(This article belongs to the Special Issue Molecular Mechanism of Action of Neonicotinoid Insecticides)
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Review

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Review
Physiological Effects of Neonicotinoid Insecticides on Non-Target Aquatic Animals—An Updated Review
Int. J. Mol. Sci. 2021, 22(17), 9591; https://0-doi-org.brum.beds.ac.uk/10.3390/ijms22179591 - 04 Sep 2021
Viewed by 616
Abstract
In this paper, we review the effects of large-scale neonicotinoid contaminations in the aquatic environment on non-target aquatic invertebrate and vertebrate species. These aquatic species are the fauna widely exposed to environmental changes and chemical accumulation in bodies of water. Neonicotinoids are insecticides [...] Read more.
In this paper, we review the effects of large-scale neonicotinoid contaminations in the aquatic environment on non-target aquatic invertebrate and vertebrate species. These aquatic species are the fauna widely exposed to environmental changes and chemical accumulation in bodies of water. Neonicotinoids are insecticides that target the nicotinic type acetylcholine receptors (nAChRs) in the central nervous systems (CNS) and are considered selective neurotoxins for insects. However, studies on their physiologic impacts and interactions with non-target species are limited. In researches dedicated to exploring physiologic and toxic outcomes of neonicotinoids, studies relating to the effects on vertebrate species represent a minority case compared to invertebrate species. For aquatic species, the known effects of neonicotinoids are described in the level of organismal, behavioral, genetic and physiologic toxicities. Toxicological studies were reported based on the environment of bodies of water, temperature, salinity and several other factors. There exists a knowledge gap on the relationship between toxicity outcomes to regulatory risk valuation. It has been a general observation among studies that neonicotinoid insecticides demonstrate significant toxicity to an extensive variety of invertebrates. Comprehensive analysis of data points to a generalization that field-realistic and laboratory exposures could result in different or non-comparable results in some cases. Aquatic invertebrates perform important roles in balancing a healthy ecosystem, thus rapid screening strategies are necessary to verify physiologic and toxicological impacts. So far, much of the studies describing field tests on non-target species are inadequate and in many cases, obsolete. Considering the current literature, this review addresses important information gaps relating to the impacts of neonicotinoids on the environment and spring forward policies, avoiding adverse biological and ecological effects on a range of non-target aquatic species which might further impair the whole of the aquatic ecological web. Full article
(This article belongs to the Special Issue Molecular Mechanism of Action of Neonicotinoid Insecticides)
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Review
Neurotoxic Effects of Neonicotinoids on Mammals: What Is There beyond the Activation of Nicotinic Acetylcholine Receptors?—A Systematic Review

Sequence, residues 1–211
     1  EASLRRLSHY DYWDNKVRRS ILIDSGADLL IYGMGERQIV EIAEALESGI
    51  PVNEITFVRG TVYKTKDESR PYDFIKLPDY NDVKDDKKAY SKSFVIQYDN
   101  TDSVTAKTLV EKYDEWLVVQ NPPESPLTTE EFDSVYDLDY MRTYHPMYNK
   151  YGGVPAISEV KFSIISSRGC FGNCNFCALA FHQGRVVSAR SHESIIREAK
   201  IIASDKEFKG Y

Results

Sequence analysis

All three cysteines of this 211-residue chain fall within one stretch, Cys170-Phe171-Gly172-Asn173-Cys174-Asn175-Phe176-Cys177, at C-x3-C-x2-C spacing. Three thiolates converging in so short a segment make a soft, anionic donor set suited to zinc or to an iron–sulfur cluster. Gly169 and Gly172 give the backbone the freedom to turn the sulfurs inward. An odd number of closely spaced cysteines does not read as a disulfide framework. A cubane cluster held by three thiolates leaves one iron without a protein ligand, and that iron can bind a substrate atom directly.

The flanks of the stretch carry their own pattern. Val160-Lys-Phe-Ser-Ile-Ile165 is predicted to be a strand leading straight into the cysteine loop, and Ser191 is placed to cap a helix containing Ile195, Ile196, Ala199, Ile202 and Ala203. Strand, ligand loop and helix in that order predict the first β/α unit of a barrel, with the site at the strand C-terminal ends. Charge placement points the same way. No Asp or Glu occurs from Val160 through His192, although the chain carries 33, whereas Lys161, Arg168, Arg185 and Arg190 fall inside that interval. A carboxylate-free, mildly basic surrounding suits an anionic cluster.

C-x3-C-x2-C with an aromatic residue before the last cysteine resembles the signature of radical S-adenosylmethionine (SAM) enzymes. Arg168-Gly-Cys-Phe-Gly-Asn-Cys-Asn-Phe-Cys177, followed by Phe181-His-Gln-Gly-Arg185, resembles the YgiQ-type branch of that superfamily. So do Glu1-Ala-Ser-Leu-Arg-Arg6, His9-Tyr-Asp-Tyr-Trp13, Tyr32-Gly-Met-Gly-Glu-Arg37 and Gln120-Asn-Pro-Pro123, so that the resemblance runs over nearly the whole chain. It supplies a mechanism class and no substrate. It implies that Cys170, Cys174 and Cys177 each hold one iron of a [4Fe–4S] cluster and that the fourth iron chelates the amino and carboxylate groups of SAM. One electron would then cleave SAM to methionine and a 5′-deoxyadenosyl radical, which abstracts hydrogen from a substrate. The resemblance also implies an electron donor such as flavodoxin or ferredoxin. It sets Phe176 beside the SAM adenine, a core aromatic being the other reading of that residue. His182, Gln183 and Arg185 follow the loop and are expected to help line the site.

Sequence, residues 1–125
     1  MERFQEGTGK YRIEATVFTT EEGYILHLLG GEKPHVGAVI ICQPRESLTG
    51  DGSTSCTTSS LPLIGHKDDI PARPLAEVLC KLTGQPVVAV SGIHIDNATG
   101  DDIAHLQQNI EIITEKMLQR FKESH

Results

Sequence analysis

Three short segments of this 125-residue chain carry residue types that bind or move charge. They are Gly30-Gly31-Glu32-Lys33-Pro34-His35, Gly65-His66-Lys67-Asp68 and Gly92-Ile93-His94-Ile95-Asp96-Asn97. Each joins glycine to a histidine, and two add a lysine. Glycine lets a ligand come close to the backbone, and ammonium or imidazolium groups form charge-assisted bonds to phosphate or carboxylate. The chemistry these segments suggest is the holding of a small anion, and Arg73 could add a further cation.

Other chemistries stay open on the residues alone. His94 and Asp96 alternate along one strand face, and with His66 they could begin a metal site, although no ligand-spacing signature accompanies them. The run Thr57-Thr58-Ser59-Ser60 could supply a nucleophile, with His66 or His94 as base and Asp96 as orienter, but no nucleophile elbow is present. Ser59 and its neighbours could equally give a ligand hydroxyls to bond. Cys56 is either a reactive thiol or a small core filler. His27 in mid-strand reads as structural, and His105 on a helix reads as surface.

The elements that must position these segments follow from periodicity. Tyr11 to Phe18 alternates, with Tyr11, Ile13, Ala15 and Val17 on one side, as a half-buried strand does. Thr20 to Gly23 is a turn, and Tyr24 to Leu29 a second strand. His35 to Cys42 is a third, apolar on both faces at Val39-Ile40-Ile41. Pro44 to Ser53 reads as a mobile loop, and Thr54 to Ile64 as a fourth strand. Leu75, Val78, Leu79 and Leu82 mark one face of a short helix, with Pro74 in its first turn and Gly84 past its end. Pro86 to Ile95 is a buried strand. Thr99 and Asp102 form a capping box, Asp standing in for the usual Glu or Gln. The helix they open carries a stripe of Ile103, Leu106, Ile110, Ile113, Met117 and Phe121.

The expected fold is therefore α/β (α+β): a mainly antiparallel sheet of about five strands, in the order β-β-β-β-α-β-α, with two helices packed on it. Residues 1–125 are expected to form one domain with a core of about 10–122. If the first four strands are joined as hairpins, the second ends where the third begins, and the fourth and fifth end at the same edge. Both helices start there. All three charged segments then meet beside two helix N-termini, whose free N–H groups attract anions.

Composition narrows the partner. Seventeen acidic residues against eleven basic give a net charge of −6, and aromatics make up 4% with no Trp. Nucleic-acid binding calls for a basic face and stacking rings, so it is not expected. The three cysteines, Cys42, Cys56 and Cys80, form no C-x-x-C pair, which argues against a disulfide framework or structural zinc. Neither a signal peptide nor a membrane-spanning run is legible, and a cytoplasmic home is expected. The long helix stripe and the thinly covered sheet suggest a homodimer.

Int. J. Mol. Sci. 2021, 22(16), 8413; https://0-doi-org.brum.beds.ac.uk/10.3390/ijms22168413 - 05 Aug 2021
Cited by 1 | Viewed by 408
Abstract
Neonicotinoids are a class of insecticides that exert their effect through a specific action on neuronal nicotinic acetylcholine receptors (nAChRs). The success of these insecticides is due to this mechanism of action, since they act as potent agonists of insect nAChRs, presenting low [...] Read more.
Neonicotinoids are a class of insecticides that exert their effect through a specific action on neuronal nicotinic acetylcholine receptors (nAChRs). The success of these insecticides is due to this mechanism of action, since they act as potent agonists of insect nAChRs, presenting low affinity for vertebrate nAChRs, which reduces potential toxic risk and increases safety for non-target species. However, although neonicotinoids are considered safe, their presence in the environment could increase the risk of exposure and toxicity. On the other hand, although neonicotinoids have low affinity for mammalian nAChRs, the large quantity, variety, and ubiquity of these receptors, combined with its diversity of functions, raises the question of what effects these insecticides can produce in non-target species. In the present systematic review, we investigate the available evidence on the biochemical and behavioral effects of neonicotinoids on the mammalian nervous system. In general, exposure to neonicotinoids at an early age alters the correct neuronal development, with decreases in neurogenesis and alterations in migration, and induces neuroinflammation. In adulthood, neonicotinoids induce neurobehavioral toxicity, these effects being associated with their modulating action on nAChRs, with consequent neurochemical alterations. These alterations include decreased expression of nAChRs, modifications in acetylcholinesterase activity, and significant changes in the function of the nigrostriatal dopaminergic system. All these effects can lead to the activation of a series of intracellular signaling pathways that generate oxidative stress, neuroinflammation and, finally, neuronal death. Neonicotinoid-induced changes in nAChR function could be responsible for most of the effects observed in the different studies. Full article
(This article belongs to the Special Issue Molecular Mechanism of Action of Neonicotinoid Insecticides)